To know wisdom and instruction,
To perceive the words of understanding,
To receive the instruction of wisdom, justice, judgment, and equity;
To give prudence to the simple, to the young man knowledge and discretion.
As we dig deeper into the Proverbs we quickly come across a few arresting verbs: know, perceive, receive, and give. And, of course, we see the corresponding nouns associated with each of these verbs. In Proverbs 1:2-4 we find:
To know wisdom and instruction,
To perceive the words of understanding,
To receive the instruction of wisdom, justice, judgment, and equity
To give prudence to the simple (and to give) to the young man knowledge and discretion.
Notice, if you will, the natural progression of action. To know, then to perceive something, then to choose to personally receive and embrace what we now know and perceive, and finally to share, to give what we have now received to someone else.
But what does it mean to perceive something or someone, maybe a new truth or a deeper understanding of a known truth? And how does someone then receive that true or understanding to themselves that they have just perceived? What does that process look like? And how does that exchange actually happen? And finally, ultimately, to whom do we give what we have received? And what specifically do we give them?
The answer is found in the nouns connected with our actions, our verbs.
But let’s begin by looking at the four verbs.
From our previous studies we determined that to “know” (yada) means we are “to know something in a completed sense, to know everything and to know fully, to learn to know; it means to know by intimate experience or expression; to choose, to approve, to love, to embrace, to desire, to place one’s favor upon.” It’s a deeply personal kind of knowledge forged by one’s choice, affection, conviction and experience. And Proverbs 1:2 says we are to “know” (yada) in an intimate, personal way, both “wisdom and instruction”— wisdom being more than the raw accumulation of facts but the ability to properly apply those facts and convictions, reinforced by our choices and experiences, in order to determine what is the right and God-honoring course of action. And instruction is defined as “correction, discipline, and chastening, as a loving father disciplines his own son.”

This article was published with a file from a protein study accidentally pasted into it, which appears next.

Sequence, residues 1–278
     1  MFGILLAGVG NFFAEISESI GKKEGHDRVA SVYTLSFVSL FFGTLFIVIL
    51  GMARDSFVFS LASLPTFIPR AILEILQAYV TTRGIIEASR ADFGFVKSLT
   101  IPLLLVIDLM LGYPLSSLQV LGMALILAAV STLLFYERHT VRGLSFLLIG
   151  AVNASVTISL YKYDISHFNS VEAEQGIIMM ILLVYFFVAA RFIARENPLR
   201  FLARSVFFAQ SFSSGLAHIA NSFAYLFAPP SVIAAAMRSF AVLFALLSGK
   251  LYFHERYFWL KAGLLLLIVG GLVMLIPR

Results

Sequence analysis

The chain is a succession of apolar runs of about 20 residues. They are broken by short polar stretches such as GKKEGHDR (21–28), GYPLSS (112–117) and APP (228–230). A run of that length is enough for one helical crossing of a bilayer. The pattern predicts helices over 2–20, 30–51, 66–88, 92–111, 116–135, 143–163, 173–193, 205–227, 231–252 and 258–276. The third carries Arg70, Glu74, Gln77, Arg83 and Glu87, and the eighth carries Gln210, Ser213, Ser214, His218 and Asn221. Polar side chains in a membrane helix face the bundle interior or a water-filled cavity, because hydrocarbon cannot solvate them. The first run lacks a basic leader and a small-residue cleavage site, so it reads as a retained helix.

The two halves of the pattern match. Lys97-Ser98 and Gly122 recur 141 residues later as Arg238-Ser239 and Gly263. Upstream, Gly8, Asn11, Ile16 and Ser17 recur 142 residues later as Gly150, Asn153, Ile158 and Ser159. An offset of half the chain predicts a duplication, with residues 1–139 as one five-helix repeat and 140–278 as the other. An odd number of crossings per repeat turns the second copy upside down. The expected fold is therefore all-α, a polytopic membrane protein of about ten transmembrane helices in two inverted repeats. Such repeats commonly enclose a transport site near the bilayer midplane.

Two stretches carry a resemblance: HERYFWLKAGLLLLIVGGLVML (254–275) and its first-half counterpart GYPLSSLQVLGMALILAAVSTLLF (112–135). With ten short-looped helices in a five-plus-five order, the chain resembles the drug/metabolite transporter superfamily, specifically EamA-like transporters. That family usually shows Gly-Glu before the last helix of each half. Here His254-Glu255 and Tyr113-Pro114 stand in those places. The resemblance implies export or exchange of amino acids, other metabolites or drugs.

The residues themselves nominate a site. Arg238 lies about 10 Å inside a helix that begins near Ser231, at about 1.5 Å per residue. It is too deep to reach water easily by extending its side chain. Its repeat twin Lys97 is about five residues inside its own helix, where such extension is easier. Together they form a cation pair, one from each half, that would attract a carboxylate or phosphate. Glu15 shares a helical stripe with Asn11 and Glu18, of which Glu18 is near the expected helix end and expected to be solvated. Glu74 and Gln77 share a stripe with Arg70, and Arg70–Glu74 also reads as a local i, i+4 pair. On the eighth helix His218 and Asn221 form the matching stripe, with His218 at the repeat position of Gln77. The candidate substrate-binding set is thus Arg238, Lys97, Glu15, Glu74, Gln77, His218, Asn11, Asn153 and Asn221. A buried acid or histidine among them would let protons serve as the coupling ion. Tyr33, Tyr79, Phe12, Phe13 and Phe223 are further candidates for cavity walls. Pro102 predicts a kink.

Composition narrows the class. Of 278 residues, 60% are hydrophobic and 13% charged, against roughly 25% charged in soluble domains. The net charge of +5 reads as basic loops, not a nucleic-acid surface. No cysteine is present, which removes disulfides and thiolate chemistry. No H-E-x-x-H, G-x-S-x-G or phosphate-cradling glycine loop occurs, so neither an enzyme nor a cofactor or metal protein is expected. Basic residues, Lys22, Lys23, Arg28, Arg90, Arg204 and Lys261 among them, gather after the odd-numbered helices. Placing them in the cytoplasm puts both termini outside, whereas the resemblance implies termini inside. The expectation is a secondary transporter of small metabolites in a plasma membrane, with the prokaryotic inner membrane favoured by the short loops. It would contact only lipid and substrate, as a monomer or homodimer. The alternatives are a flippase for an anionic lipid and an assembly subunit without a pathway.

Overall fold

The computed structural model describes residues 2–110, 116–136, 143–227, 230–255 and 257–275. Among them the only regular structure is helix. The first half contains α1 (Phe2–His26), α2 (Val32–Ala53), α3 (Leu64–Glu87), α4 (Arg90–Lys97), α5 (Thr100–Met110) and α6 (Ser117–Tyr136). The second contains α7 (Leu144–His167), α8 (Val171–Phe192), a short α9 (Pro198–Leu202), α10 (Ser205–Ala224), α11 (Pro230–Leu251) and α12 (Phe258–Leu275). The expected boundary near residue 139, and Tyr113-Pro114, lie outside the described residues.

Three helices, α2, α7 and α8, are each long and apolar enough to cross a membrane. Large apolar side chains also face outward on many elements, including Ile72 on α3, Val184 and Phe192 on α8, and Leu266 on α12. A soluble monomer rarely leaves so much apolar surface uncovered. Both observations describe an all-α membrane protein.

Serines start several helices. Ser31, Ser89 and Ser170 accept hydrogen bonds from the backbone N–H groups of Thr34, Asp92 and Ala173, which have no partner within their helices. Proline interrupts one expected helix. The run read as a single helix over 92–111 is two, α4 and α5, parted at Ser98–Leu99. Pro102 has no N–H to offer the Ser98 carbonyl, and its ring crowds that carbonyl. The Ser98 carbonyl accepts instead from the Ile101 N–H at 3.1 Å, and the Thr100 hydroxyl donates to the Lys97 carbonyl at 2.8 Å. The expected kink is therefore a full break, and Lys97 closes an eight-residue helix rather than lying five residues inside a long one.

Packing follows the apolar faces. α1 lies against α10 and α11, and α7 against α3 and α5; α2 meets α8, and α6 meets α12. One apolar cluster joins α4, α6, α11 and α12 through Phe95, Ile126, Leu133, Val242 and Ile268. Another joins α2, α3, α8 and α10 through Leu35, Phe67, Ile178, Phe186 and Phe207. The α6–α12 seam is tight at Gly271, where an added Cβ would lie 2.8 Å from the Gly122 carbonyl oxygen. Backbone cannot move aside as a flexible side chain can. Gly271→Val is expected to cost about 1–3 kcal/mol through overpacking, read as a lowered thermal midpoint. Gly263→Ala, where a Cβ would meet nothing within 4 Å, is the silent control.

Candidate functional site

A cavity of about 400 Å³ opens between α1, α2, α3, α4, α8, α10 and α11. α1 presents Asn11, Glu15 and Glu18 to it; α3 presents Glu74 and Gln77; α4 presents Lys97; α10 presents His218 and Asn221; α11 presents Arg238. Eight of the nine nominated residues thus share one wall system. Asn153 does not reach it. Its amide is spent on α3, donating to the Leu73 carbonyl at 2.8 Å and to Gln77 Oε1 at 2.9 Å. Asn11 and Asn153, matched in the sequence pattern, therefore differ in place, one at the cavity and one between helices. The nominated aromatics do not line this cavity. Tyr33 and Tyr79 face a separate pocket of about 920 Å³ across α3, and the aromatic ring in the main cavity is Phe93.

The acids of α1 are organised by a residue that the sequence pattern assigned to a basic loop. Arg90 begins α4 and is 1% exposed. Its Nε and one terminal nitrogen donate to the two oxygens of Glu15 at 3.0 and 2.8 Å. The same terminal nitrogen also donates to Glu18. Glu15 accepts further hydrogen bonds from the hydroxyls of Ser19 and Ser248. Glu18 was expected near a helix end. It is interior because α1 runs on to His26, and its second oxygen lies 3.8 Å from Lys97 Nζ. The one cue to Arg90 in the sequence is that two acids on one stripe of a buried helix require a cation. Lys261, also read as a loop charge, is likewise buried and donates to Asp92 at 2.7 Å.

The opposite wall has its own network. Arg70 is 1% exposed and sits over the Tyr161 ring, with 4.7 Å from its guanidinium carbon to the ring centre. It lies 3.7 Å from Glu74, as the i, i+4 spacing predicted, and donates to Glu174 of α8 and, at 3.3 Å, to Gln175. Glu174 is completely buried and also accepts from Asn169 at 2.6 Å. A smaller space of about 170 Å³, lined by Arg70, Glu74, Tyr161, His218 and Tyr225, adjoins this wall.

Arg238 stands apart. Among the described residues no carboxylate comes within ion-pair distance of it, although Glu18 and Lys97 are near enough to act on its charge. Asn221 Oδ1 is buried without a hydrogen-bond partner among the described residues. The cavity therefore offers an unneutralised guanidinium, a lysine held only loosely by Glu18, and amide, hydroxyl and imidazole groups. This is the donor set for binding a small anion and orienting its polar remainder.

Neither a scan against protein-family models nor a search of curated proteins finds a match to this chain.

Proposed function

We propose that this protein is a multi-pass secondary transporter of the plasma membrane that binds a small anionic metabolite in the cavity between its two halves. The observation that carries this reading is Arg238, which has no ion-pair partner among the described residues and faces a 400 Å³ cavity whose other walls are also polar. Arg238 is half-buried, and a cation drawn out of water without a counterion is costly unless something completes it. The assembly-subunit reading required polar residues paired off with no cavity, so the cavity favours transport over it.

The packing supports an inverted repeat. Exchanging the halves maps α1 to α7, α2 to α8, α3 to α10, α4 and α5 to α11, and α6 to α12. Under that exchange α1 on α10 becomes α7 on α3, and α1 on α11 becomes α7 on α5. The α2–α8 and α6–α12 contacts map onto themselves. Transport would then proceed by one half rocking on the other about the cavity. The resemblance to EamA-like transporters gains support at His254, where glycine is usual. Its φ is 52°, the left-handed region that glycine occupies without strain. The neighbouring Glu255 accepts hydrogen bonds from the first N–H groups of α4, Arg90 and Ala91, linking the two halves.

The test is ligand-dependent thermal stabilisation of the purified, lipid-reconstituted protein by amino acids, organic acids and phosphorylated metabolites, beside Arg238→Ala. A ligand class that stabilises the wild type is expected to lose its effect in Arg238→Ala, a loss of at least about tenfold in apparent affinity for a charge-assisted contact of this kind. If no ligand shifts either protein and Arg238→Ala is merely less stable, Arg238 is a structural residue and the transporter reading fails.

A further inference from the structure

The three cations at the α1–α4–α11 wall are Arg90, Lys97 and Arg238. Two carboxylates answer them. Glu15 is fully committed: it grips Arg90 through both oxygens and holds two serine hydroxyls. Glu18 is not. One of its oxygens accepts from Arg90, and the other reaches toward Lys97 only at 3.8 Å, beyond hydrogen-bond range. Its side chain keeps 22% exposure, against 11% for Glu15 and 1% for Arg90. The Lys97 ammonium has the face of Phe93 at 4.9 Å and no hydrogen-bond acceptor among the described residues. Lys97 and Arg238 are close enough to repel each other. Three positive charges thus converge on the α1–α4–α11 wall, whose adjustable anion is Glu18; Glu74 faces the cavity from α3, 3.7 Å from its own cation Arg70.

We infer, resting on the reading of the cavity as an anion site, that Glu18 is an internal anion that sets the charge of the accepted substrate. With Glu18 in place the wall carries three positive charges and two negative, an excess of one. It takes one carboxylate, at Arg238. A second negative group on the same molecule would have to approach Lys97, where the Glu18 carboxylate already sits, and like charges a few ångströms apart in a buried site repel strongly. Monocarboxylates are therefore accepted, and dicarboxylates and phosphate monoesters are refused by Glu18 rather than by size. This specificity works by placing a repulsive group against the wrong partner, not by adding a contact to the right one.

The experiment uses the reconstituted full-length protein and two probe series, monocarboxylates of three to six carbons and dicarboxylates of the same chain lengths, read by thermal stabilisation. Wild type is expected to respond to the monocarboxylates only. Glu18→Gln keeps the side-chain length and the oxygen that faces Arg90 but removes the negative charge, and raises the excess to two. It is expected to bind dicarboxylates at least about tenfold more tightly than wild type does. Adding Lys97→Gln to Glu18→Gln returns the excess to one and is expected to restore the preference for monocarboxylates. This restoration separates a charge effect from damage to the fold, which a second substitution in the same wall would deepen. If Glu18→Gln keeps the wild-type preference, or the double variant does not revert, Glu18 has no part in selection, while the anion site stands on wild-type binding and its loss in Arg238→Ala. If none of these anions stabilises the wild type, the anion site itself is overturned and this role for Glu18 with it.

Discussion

In essence, God has provided for us in His Son both the wisdom of God (1 Cor. 1:30) and the steady hand of correction and discipline to make sure we know (yada) God’s Word and how to apply what we know (yada) in our everyday choices that will either bring Him glory or disrepute. Therefore, if you find yourself convicted and troubled by the words you read, rejoice!— for that’s God’s very intention. After all, the Lord only chastises those He loves as a father disciplines his own son.
My son, do not despise the chastening of the LORD, nor detest His correction; (why) for whom the LORD loves He corrects, (to what extent) just as a father the son in whom he delights (Prov. 3:11-12).